The Christmas Truce of 1914

The Christmas Truce of 1914 December 23, 2022

Even if you are not into World War I history, you may have heard of the Christmas Truce. The Christmas Truce was a celebrated, impromptu ceasefire observed by many British and German troops on the Western Front, December 24-26, 1914. Soldiers met between the lines, sang Christmas carols, exchanged souvenirs, and may or may not have played football (or “rugby” to us Yanks). Here is how it happened.

First, a little background: World War I, 1914-1918, was an international conflict of unprecedented bloodshed and horror. It’s estimated 20 million people, military and civilian, were killed in the war. Looking back, it’s difficult to see what the war was about. History books tell us the war ignited after the assassination of an Austrian archduke in June 1914, but the real causes were a conflation of old alliances, political maneuvering, imperialistic designs, and nationalistic pride.

The Western Front refers to a theater of war that stretched from Belgium and throughout northwest France. The German army initiated the Western Front by invading Luxembourg and Belgium in August 1914. The United Kingdom quickly declared war on Germany. German troops advanced into France as the first British troops arrived in France to help defend it. There were several battles through August and September. Most notable of these was the First Battle of the Marne, 5 to 12 September 1914, in which the British and French troops stopped the German advance toward Paris.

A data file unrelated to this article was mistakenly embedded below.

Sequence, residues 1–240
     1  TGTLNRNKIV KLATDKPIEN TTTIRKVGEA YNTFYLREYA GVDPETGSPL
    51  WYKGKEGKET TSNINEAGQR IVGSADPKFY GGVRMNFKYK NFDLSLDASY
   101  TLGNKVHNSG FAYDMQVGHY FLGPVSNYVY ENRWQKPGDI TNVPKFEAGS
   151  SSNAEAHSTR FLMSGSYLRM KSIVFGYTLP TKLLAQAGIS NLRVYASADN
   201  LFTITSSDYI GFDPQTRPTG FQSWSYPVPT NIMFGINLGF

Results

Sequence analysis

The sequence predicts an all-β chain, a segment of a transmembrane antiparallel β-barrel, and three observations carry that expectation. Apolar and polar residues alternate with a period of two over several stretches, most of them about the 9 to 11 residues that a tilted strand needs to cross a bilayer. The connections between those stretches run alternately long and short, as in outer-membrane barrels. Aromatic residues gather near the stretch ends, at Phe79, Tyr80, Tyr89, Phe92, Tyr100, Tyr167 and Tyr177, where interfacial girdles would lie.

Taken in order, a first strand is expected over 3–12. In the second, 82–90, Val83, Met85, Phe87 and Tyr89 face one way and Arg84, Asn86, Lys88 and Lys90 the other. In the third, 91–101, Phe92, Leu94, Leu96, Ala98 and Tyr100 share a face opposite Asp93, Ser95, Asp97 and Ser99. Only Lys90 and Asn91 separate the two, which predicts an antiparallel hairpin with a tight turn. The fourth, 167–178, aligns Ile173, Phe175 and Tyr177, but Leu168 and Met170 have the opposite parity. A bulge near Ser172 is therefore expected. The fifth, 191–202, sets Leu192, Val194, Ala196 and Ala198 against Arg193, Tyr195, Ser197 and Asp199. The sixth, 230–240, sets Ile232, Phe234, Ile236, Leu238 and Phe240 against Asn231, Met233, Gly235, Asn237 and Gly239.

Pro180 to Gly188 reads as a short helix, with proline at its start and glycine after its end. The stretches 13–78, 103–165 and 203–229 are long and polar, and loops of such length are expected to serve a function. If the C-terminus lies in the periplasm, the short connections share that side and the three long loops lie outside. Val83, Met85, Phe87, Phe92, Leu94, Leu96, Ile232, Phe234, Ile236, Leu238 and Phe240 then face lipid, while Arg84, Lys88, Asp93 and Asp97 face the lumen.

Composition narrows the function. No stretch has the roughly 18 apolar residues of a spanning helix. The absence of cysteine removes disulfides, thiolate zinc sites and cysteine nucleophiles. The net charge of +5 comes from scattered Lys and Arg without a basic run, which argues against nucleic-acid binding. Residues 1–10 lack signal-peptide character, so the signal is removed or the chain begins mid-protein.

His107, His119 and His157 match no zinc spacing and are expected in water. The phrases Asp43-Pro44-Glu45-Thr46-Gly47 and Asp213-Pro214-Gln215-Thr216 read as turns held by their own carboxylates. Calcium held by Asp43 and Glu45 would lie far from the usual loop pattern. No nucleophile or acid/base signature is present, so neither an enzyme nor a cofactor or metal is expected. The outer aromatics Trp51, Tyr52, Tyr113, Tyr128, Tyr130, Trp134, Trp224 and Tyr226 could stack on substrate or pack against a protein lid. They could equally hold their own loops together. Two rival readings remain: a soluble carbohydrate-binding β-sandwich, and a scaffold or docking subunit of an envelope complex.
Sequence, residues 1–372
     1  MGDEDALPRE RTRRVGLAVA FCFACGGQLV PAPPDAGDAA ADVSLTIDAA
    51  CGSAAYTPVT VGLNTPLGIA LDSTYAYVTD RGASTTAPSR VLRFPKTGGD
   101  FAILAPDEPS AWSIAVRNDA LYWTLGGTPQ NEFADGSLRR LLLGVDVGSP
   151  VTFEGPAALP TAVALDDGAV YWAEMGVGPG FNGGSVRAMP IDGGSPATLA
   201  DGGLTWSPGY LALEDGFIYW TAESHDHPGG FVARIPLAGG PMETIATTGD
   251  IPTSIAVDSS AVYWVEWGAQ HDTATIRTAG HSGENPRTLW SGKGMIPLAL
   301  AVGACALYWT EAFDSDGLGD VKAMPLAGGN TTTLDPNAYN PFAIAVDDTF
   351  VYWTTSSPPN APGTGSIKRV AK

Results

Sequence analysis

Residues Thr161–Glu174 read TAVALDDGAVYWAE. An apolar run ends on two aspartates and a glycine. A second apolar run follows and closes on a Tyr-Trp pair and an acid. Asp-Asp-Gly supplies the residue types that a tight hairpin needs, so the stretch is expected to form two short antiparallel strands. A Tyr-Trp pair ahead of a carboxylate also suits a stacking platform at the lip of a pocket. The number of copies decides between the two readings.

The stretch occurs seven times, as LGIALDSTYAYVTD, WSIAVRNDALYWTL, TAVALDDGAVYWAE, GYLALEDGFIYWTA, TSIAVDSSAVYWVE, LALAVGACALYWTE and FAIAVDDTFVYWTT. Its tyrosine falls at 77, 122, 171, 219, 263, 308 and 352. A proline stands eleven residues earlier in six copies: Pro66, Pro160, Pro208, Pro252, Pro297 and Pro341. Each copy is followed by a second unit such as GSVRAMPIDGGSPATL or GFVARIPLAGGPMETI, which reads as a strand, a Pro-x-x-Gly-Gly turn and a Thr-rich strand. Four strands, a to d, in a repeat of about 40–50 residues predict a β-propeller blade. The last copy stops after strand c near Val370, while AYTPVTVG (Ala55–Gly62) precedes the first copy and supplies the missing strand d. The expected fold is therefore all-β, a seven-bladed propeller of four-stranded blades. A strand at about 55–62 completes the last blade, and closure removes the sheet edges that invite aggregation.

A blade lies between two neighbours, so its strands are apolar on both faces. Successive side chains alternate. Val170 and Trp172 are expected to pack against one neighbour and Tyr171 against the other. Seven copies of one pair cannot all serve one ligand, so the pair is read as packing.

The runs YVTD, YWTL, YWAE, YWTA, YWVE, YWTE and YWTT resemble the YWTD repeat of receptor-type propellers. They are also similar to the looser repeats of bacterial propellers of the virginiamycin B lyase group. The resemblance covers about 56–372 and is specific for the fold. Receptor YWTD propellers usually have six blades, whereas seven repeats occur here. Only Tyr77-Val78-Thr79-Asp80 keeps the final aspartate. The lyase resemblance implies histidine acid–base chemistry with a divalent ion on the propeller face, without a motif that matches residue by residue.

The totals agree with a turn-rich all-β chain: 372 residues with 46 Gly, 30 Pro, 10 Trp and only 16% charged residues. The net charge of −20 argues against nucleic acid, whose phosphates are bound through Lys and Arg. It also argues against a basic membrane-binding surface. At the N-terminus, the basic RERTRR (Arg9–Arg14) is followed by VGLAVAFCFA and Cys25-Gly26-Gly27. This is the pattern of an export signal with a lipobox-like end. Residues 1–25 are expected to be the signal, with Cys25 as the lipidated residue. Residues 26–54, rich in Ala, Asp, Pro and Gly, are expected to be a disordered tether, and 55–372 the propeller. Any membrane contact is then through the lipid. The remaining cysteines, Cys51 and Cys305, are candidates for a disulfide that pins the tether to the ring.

Life in the Trenches

By mid September troops were digging trenches on each side of the front. The soldiers were trying to protect themselves from artillery and machine guns. If they remained in trenches they were less visible to the enemy, although artillery shells and poison gas could still reach them. And so soldiers stayed in trenches for many days at a time. It’s estimated that during the war 475 miles of trenches were dug from the English Channel to the Swiss Alps.